A couple of weeks ago, I provided my final preview for the expected dividend raise from The Coca-Cola Company (NYSE:KO). I offered my thoughts on the weakening balance sheet and the two cent raise I was looking for. I expected the dividend raise to get the dividend yield back up over 3.00% on an annual basis. Well, the company recently announced another dividend raise. Today, I'll break down the latest news involving the beverage giant, and detail why dividend investors have another opportunity in front of them.
2014 dividend raise:
Last week, Coca-Cola announced its 52nd consecutive annual dividend increase. The company announced a 2.5 cent quarterly raise, or 10 cent annual raise. The new dividend would be 30.5 cents per quarter, up from 28 cents a quarter. On an annual basis, the new payout is $1.22, up from the previous amount of $1.12. In the chart below, I've tracked the split-adjusted dividend since 2005. You can see the company's dividend history here.
This dividend raise represented an increase of 8.93%. While that was down from last year's raise of 9.80%, it was the second largest increase in the past six years. The company has nearly doubled the dividend since the 15.5 cent payout in 2006. In my first discussion of a potential dividend raise, I figured that the 30-31 cent range was where the new dividend would land. I mentioned that a fractional cent was possible if the company was looking for a certain size of raise. Recently, I had taken my prediction down to 30 cents because of the weaker balance sheet, which I'll discuss in the next section. In the end, this was a solid dividend increase, and probably in line with most expectations.
Balance sheet update:
The company also recently announced fourth quarter and full year 2013 results. One of the reasons why I chose the lower end of my dividend raise prediction is because the latest balance sheet we had at that time (the Q3 one) showed a bit of weakness. I maintained that Coca-Cola was nowhere near any financial trouble, but a number of ratios had weakened a bit. Now that we have the Q4 numbers, I'm a little less concerned about the balance sheet. In the table below, I've shown the Q3 to Q3 (2012 to 2013) and Q4 to Q4 (same time period) balance sheets, in terms of the important numbers. Dollar values in millions, and you can view all of the company's SEC filings here.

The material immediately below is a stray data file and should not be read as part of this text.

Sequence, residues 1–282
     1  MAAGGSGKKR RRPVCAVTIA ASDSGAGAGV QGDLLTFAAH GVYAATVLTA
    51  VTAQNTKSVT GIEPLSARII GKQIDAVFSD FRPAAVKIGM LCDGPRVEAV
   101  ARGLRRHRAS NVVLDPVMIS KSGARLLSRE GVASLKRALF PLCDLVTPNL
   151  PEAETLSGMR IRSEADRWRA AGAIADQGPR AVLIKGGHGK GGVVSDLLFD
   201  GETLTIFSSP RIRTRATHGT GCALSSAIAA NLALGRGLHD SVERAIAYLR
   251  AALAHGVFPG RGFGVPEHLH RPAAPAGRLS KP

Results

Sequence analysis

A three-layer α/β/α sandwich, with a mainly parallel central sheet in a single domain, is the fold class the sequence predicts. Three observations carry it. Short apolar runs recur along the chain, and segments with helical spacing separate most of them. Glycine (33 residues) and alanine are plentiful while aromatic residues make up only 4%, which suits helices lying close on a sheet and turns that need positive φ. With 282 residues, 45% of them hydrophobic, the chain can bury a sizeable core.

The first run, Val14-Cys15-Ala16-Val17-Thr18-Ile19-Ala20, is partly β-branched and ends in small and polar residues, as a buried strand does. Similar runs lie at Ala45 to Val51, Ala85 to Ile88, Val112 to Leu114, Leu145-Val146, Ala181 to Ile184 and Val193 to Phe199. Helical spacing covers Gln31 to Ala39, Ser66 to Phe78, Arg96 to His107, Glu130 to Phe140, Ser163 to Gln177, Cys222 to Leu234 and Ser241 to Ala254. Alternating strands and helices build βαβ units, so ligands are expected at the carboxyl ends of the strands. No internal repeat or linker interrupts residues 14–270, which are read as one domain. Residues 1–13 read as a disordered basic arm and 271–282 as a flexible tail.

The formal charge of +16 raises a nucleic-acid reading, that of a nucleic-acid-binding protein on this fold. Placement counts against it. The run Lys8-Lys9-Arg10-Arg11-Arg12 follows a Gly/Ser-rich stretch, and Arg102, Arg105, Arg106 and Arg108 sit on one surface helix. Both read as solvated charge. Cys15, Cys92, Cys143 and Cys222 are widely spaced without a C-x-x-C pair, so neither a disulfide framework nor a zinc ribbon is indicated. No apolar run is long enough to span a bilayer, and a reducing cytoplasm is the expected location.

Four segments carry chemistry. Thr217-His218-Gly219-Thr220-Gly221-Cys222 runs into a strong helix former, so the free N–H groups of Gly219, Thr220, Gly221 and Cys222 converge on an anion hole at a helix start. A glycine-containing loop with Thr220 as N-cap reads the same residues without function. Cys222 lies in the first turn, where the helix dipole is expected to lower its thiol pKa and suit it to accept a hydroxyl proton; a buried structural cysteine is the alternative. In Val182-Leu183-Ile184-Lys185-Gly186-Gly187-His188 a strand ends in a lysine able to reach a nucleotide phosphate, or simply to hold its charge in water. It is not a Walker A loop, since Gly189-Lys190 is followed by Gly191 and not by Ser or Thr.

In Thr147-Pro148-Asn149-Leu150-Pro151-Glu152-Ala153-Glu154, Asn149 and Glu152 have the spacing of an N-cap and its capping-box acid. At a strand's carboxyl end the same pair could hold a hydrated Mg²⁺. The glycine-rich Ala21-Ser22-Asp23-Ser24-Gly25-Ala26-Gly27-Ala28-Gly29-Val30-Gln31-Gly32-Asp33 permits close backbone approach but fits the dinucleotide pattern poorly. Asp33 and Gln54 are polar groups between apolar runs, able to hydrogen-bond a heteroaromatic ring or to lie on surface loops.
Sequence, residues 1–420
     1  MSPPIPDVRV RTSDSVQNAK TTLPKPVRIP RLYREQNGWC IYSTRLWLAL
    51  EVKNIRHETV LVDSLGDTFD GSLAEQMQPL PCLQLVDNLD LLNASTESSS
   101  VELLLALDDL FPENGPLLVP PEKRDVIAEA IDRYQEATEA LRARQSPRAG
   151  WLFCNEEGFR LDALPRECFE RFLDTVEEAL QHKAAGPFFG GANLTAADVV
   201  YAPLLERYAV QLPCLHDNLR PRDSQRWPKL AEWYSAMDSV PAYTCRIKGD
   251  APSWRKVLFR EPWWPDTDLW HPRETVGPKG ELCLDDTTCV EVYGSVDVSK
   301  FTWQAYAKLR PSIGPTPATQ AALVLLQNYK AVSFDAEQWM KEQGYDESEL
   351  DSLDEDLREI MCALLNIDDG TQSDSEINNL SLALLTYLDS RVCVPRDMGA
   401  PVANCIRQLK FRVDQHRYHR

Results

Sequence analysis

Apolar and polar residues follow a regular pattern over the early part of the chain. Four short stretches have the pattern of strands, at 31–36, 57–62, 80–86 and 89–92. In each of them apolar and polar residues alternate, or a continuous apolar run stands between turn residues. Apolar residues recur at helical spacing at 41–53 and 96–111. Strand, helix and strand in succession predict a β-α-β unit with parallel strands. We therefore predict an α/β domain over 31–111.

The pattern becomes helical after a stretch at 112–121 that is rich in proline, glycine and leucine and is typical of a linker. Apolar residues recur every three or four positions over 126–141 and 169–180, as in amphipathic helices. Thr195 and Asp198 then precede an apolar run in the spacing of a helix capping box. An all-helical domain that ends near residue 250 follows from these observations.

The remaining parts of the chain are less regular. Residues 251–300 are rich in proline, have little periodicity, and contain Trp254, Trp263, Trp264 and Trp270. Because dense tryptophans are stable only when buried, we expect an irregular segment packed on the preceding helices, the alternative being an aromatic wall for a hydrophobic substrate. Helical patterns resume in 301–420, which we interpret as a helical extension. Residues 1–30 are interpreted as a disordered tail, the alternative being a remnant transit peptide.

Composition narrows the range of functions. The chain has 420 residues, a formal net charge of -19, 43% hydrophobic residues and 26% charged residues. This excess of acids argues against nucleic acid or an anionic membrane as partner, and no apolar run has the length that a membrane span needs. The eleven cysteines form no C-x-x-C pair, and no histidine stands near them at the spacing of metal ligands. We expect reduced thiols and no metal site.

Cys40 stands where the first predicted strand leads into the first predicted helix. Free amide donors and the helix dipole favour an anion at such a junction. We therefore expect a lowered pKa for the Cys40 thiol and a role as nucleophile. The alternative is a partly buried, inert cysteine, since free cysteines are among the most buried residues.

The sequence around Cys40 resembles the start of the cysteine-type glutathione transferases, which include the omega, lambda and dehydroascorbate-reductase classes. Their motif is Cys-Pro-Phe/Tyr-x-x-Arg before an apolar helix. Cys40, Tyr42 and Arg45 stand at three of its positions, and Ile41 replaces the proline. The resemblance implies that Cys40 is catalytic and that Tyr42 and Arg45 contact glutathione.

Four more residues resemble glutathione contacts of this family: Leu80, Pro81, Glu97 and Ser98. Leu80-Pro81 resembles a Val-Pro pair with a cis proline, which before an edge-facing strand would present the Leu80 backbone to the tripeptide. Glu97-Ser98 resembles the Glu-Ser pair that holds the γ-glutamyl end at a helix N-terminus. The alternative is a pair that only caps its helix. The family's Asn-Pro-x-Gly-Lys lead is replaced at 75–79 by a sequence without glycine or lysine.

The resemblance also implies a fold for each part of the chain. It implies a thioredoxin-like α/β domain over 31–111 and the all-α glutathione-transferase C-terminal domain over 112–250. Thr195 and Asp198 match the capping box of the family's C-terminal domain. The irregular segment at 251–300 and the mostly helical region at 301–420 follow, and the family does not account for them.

While some of the Q4 numbers did get weaker in comparison to their year ago counterparts, the change was not as bad as Q3. This slightly better than expected balance sheet condition is one reason why I think investors got the extra half cent dividend raise over my final prediction. The extra half cent will cost the company about $88 million or so a year with the current share count.
The other reason why I think the raise was larger than I expected is the continued rise in Green Mountain Coffee Roasters (NASDAQ:GMCR) shares. You may remember that Coca-Cola struck a deal with Green Mountain. Obviously, Coca-Cola did see some threat from SodaStream (NASDAQ:SODA), which is rapidly growing its make your own soda at home business. In addition to the business partnership for cold products to be launched in the Keurig system, Coca-Cola was buying nearly 16.7 million shares of Green Mountain for $1.25 billion. Those shares were priced at $74.98, and Green Mountain now trades for $123.04. That means that Coca-Cola is sitting on a profit right now of about $800 million. Since that extra equity (or cash if you like) improves the balance sheet a little, the company may have been more willing to dish out an extra half cent per quarter.
Comparisons and competitors: